In GenderWatch, Chris Jahnke writes, “The turmoil of the midterms will reach a fever pitch on election night as people anxiously watch the returns. No matter the outcome, it’s up…” Read the full article here.
Training Tips from Chris
In GenderWatch, Chris Jahnke writes, “The impact of record numbers of women candidates has already been felt this election cycle. The #MeToo movement and anger about the outcome of the…” Read the full article here.
In GenderWatch, Chris Jahnke writes, “Too many campaigns hold back – ignoring derogatory comments because they don’t view them as damaging. Or, candidates are advised to bite their tongue lest they sound whiny, petty and create a backlash. In a post-2016 election world, this guidance is outdated. It’s time for campaigns to pull on their big girl pants. It’s time for staff to give women candidates the support they need. It’s time to empower the candidate.” Read the full article here.
Oprah – Other Worldly Source of Inspiration: What Every Woman Candidate Can Learn from Her Magnus Opus
In GenderWatch, Chris Jahnke writes, “In today’s blockbuster release of A Wrinkle in Time, Oprah Winfrey plays Mrs. Which – an out-of-this world being who inspires a young girl to “Be a warrior.” Real-world Oprah doesn’t need to appear as a shimmering light to lead us out of the darkness here on Earth.” Read the full article here.
In GenderWatch, Chris Jahnke writes, “History was made on the primary debate stage as women from both major parties stood shoulder to shoulder with the men. From the onset, Hillary Clinton and Carly Fiorina each faced a unique set of challenges as well as a common obstacle. Two different candidates exposed the trials and triumphs of campaigning while female.” Read the full article here.
In GenderWatch, Chris Jahnke writes, “Everyone advises you to ‘just be yourself.’ But how is that possible under hot TV lights, inches from an opponent, with reporters waiting to pounce on any misstep? What can be done in advance to present your best self?” Read the full article here.
In GenderWatch, Chris Jahnke writes, “Women candidates running for executive posts in 2016 should watch and learn from the first Democratic primary debate. What candidates see and hear from the presidential contenders can jump start their own debate prep regimen.” Read the full article here.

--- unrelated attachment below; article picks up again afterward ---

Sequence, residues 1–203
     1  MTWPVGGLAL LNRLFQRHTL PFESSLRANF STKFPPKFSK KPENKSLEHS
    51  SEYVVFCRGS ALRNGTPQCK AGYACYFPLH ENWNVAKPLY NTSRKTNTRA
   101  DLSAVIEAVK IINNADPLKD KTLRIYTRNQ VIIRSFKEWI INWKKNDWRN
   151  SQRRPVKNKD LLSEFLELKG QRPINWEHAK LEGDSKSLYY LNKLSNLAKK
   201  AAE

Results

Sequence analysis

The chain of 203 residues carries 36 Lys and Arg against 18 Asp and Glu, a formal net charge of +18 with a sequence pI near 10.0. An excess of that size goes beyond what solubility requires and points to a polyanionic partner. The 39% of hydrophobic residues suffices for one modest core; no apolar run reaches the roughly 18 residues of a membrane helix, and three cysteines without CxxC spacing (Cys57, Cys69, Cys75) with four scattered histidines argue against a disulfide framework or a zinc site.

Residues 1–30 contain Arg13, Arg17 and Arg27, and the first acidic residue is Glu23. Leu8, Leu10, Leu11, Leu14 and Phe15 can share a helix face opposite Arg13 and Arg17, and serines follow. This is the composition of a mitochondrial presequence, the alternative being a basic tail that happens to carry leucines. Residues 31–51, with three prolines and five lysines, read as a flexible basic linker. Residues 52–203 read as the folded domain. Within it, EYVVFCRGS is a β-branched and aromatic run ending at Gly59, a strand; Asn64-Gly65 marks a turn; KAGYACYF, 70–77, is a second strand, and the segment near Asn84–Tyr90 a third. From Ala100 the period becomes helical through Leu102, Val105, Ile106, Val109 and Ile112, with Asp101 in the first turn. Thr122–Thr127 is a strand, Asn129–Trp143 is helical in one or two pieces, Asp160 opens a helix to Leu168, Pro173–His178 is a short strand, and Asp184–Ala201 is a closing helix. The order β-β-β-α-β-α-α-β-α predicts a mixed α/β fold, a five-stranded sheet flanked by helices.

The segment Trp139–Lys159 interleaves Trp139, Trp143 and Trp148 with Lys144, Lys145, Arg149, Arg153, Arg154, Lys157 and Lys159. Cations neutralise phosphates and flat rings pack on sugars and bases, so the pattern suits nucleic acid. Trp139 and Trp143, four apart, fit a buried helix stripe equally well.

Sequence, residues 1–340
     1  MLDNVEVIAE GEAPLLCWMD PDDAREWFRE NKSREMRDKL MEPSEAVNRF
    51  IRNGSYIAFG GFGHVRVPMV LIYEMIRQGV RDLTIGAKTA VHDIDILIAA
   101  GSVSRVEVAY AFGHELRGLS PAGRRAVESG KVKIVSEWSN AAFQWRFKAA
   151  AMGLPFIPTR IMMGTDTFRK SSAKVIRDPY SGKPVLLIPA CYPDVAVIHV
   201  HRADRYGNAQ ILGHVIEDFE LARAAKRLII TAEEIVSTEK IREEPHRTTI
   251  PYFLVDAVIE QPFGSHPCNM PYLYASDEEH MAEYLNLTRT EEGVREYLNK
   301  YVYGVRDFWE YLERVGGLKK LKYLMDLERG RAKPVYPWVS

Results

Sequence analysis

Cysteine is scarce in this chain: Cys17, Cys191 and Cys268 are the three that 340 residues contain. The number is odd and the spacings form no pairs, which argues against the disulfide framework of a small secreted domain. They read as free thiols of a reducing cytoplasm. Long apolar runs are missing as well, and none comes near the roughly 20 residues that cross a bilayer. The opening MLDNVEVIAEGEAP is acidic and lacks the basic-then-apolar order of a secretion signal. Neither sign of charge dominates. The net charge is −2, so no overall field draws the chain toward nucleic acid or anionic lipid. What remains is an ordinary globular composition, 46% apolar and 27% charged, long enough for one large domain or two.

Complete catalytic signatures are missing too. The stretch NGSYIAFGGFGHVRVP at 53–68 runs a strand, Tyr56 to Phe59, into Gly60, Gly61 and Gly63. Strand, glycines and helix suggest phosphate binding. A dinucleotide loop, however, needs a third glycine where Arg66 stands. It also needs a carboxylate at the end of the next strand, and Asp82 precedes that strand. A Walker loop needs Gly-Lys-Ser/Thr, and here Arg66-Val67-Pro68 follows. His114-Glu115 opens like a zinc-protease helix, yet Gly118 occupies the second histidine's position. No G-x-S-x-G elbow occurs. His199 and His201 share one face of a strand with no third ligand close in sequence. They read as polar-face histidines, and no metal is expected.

1. Ring in 2015 with a toast. It’s good practice.
2. Create your elevator speech. In 2 minutes, what do you care about & why does it matter?
3. Quote the greats: “The American dream is not dead. It is gasping for breath but it is not dead.” Barbara Jordan
4. Warm up beforehand. Slowly roll your shoulders back to release tension.
5. Use purposeful pauses. A moment of silence gives the listeners a chance to absorb the meaning.
6. Avoid repeating useless words: “Like, so, anyway, actually, and absolutely.”
7. Heed Ann Richards: “I spent hours of time rehearsing… It had to sound casual, conversational, but that took work.”
8. Don’t sweat the small stuff like a mispronounced word. It is possible to make a mistake and still do well.
9. Project your best self. As Lena Dunham says: “Enjoy going through life as yourself.”
10. Give yourself a high five when you deliver a winning performance.
Next time you’re shopping, be on the look out for a blazer with pockets. Pockets can be lifesavers when you are standing at the front of the room. No, I don’t mean you should cram your hands into them. Rather, they can help ensure you’ll be ready when it’s your turn to talk.
Pockets can hold helpful tools. Note cards in the 3×5 size will fit. You can easily pull them out should you need a prompt. Having a tissue handy is a must if you are suffering from a cold. And, a throat lozenge will ease a scratchy throat or cotton mouth. If you use a remote, you won’t have to hold it the entire time you’re talking.
As far as hands in the pockets – one hand is poised but two hands is a no-no. It will look sloppy and if you’re nervous you will likely clench your into fists.